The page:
It is a mineral never seen before. For the experts an “alien” mineral, which in nature – so far – does not exist. They discovered it in a 210-gram meteorite found just outside the Australian city of Wedderburn . The mineral, called “edscottite”, is a rare form of iron carbide: probably born from a cosmic collision, it was officially recognized by the International Mineralogical Association (IMA), since the only known form so far was its counterpart synthetic obtained during the iron melting process.
To describe it for the first time is the study published in the journal American Mineralogist by the researcher Chi Ma of the California Institute of Technology (Caltech). This is the last of a long series of research on space stone since the day of its discovery in 1951.
The red and black rock has in fact been dissected and examined so many times that by now the original specimen remains only a third, preserved among the collections of the Museums of Victoria in Australia . The results obtained so far had revealed the presence of gold and iron, along with other rare minerals such as troilite and camacite.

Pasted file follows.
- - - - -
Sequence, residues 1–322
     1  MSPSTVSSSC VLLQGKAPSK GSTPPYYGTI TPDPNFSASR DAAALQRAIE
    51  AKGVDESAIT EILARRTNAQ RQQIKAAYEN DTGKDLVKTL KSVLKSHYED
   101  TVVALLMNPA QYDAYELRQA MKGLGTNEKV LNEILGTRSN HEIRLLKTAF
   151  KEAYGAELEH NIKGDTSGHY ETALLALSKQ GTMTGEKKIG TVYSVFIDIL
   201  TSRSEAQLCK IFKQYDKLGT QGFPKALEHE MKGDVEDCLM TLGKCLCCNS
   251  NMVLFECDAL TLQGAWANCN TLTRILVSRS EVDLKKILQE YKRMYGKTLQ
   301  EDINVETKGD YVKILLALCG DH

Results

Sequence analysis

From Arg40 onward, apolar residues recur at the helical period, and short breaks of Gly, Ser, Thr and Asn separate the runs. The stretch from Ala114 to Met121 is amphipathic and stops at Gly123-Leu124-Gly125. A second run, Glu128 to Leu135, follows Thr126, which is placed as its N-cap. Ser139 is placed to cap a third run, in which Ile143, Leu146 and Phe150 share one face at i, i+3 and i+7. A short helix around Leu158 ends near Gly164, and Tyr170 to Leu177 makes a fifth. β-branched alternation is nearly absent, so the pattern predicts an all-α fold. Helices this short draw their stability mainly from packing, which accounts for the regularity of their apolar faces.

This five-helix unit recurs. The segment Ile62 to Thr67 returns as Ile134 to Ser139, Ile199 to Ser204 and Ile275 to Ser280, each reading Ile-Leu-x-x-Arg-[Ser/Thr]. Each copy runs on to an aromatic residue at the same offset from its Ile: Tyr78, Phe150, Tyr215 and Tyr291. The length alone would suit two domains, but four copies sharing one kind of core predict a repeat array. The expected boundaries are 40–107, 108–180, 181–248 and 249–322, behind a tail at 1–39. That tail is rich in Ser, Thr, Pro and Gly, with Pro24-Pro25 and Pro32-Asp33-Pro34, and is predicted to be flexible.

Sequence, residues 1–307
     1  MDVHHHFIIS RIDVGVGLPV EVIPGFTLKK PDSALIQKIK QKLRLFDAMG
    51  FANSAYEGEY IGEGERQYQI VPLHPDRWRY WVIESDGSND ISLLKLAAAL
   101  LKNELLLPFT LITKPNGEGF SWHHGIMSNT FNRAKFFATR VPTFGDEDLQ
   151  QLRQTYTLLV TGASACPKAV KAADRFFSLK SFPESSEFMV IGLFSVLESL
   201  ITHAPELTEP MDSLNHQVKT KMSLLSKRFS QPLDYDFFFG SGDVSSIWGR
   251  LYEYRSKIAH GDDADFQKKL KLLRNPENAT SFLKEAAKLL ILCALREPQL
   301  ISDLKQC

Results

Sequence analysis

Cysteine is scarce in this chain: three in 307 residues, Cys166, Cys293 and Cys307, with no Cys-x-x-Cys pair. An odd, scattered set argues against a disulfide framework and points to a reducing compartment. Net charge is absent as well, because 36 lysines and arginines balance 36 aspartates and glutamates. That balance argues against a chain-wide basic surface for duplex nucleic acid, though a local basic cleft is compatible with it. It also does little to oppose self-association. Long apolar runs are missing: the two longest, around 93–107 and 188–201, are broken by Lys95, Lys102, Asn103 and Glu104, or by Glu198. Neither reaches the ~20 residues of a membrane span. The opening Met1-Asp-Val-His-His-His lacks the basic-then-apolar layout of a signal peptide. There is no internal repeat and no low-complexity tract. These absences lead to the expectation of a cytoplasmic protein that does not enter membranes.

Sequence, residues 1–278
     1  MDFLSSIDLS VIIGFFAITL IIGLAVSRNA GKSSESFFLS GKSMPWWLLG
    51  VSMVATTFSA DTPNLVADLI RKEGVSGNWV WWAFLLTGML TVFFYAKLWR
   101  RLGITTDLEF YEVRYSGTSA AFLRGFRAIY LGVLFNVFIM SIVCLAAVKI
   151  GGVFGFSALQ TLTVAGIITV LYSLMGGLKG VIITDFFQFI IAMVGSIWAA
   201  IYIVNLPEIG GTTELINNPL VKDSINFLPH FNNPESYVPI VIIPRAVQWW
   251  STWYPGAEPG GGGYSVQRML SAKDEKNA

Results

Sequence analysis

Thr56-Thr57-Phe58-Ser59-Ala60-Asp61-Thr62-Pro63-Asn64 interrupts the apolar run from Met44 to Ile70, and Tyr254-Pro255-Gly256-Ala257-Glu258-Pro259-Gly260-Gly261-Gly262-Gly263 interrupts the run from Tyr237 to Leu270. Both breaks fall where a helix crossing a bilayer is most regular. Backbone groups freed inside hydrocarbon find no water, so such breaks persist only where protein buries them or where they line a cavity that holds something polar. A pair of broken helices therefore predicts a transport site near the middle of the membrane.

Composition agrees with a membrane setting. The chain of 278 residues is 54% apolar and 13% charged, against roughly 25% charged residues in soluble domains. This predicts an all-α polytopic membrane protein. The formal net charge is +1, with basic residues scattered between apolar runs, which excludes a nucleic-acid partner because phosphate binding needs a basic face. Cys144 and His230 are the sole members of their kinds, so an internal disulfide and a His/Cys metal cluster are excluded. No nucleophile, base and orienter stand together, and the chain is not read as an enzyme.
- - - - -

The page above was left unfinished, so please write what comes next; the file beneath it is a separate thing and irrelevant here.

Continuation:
The list now gets longer with the discovery of edscottite, named in honor of meteor expert Edward Scott of the University of Hawaii .
His discovery is a significant event, considering that so far around 600,000 minerals have been discovered in the laboratory and less than 6,000 in nature, as the expert Stuart Mills of the Victoria Museums explains.
What is the origin of Wedderburn’s alien mineral, however, is still not known: according to a first hypothesis, it could have been formed under extreme temperature and pressure conditions inside the heart of an ancient planet, then destroyed by collision with another celestial body.